The offseason for the Boston Bruins has been nothing short of intriguing.
A new general manager, arguably two franchise-altering trades and a month-long saga regarding Claude Julien’s job security have been some of the major storylines going down on Causeway Street.
However, what may get lost in the shuffle is Don Sweeney’s musings in free agency. The most talked about name on the big board was one Matt Beleskey. I vividly remember fans taking to social media to express their (at the time) displeasure on reports the Bruins were talking to him.
I thought it was a sure thing that Matt Beleskey's new contract would be over the top and stupid. When did NHL GM's get so smart?
— Greg Boysen ?? (@GregBoysen) July 2, 2015
That is, until they saw the contract. At five years, $19.8 million with a no-movement clause the first two seasons, Beleskey came at a much lower price than anticipated.
Indeed, five years is a big commitment to a guy who set career-highs in goals (22) and points (32) last year. The no-movement clause reminds us of the mistakes of the past regime of Peter Chiarelli.
The money? Well, a $3.8 million cap hit for a potential top-line winger is not too shabby.
The 27-year-old Beleskey has a bit of pressure on him this season. His play last season earned him a five-year deal, but now the challenge is going to Boston, learning a new system, and developing chemistry with his linemates.
What can Bruins fans realistically expect from their “major” free-agent acquisition this season?
Before the start of the 2014-15 campaign, people outside of Anaheim had no clue who Beleskey was. After all, a guy who scored just 35 goals and 80 points in 264 games isn’t worthy of getting much press.
Out of nowhere, the Ontario native set career-highs in goals, points, average ice time per game (14:29) and shooting percentage (15.2). In addition, his even-strength Corsi-For number (53.5 percent) was over six points higher than his career total (47.3).
Beleskey also scored eight goals in 16 playoff games; none bigger than this overtime winner against the eventual Stanley Cup champion Chicago Blackhawks in Game 5 of the Western Conference Final.
Not bad for a guy who was an unknown in almost all NHL circles.
Now in Boston, Beleskey will be one of the focal points amongst the forwards. The left winger is the early favorite to occupy Lucic’s former post on the top line with David Krejci as his center and possibly Loui Eriksson on the right side. Both are solid, veteran players with great vision and will find Beleskey more often than not for his fair share of scoring chances. It depends on whether or not the former fourth-round pick in 2006 can bury them with great aplomb.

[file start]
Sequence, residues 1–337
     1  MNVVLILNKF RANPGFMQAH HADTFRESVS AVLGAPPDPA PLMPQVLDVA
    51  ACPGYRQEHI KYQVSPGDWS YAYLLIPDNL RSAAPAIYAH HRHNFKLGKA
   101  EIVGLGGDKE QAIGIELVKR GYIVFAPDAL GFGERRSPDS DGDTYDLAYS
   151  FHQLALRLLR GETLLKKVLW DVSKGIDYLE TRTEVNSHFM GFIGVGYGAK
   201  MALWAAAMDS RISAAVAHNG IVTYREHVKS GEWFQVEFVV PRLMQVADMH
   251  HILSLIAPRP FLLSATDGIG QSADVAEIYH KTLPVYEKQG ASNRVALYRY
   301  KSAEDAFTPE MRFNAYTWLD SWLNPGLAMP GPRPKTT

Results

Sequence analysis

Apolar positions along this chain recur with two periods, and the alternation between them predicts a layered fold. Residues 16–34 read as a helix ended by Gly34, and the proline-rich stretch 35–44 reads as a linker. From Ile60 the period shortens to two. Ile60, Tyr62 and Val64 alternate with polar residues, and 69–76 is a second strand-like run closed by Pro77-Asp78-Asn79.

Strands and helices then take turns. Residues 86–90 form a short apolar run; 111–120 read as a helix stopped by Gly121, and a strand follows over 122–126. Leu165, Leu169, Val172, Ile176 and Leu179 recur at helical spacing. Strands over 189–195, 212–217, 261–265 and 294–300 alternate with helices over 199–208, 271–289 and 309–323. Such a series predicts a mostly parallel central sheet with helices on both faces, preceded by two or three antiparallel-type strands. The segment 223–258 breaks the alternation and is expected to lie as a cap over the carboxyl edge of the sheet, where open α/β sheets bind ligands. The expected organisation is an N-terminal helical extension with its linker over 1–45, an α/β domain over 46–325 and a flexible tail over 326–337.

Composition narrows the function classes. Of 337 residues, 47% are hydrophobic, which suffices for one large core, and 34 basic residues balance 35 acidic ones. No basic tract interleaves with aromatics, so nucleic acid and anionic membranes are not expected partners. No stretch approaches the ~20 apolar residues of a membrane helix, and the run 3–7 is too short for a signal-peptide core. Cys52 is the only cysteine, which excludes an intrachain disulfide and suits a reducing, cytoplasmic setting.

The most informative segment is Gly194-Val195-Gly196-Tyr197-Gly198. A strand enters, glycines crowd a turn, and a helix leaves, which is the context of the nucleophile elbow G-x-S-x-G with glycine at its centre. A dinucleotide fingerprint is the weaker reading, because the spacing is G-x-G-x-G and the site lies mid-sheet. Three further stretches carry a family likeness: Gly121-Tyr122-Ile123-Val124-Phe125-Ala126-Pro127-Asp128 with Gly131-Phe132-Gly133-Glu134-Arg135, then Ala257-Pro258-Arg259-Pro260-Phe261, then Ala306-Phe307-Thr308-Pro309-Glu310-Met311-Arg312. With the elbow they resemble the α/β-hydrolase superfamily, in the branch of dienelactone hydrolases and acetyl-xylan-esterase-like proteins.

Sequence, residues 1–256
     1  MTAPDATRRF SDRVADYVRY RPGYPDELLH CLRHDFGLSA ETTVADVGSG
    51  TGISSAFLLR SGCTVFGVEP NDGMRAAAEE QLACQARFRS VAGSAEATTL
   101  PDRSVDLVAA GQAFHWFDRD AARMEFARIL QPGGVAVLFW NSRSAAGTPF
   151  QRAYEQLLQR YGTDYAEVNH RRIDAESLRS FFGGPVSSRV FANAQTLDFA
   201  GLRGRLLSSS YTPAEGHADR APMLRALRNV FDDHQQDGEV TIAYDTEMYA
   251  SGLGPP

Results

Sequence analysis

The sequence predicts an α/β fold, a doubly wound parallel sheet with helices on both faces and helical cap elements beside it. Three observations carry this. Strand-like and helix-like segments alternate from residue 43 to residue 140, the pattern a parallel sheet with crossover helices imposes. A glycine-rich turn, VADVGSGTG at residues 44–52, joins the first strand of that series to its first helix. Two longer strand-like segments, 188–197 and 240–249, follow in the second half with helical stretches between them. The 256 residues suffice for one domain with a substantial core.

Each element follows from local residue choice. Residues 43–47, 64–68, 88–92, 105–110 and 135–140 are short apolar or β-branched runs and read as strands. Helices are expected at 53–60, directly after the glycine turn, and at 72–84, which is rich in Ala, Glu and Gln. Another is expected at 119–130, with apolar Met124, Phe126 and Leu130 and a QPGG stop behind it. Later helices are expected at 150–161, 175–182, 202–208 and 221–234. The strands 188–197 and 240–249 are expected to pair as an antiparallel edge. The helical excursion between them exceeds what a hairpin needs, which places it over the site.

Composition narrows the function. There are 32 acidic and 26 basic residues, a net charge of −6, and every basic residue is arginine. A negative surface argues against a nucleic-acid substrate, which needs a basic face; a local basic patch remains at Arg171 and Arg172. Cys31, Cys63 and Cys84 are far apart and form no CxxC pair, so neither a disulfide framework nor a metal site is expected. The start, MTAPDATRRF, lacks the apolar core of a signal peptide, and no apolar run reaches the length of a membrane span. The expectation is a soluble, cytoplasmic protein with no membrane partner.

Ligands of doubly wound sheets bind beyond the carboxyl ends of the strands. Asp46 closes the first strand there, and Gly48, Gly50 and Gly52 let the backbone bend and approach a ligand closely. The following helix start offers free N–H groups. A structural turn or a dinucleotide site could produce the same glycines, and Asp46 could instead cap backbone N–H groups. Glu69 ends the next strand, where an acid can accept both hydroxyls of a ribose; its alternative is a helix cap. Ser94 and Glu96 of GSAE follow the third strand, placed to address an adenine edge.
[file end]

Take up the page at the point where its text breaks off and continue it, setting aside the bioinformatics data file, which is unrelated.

Beleskey will be in an ideal situation to show the NHL last season was not a joke and evolve into a more consistent scorer.
The Garden Faithful
A lot of people were skeptical when news was first reported that Boston slowly emerged as a front-runner for his services.
Fans were leery of signing a guy to a longer-term contract based off one good season, as had been done so many times under the Chiarelli regime.
Now that he is here to stay, Beleskey will have an extra bit of heat on him from the Garden faithful. A no-movement clause in the first two seasons is an improvement over the past but is still a bit concerning given he will have to learn a new system “on the fly” this season. Playing at the TD Garden is nothing like the Honda Center. Boston has a much more passionate fanbase who knows the game well. In a sold-out building of 17,565 for 41 games, the pressure may be too great for someone with an inflated contract.
Can Beleskey handle the adversity he may face in the Black and Gold?
This number likely depends on where the former Anaheim Duck will slot in at the start of the season. Early indications seem like Beleskey will start the year up top with an underrated playmaker in Krejci and a consistent 20-goal scorer in Eriksson.
This bodes well for the entire line as a whole, provided that Krejci stays healthy. The Czech center missed 35 games with various injuries last year and the Bruins struggled to create much of anything while he was out.
As I said earlier, Beleskey will have his opportunities. How well he finishes them may decide where the team is with regards to the playoff structure.
He will hover around the 20-goal mark but it’s hard to see him pushing 25-30 in his first season with a new team. In terms of overall point totals, Beleskey should accumulate between 40-50 with the linemates he’ll be playing with.
How well do you feel Beleskey will do in his first season with the Bruins? Leave your thoughts here or get at me on Twitter.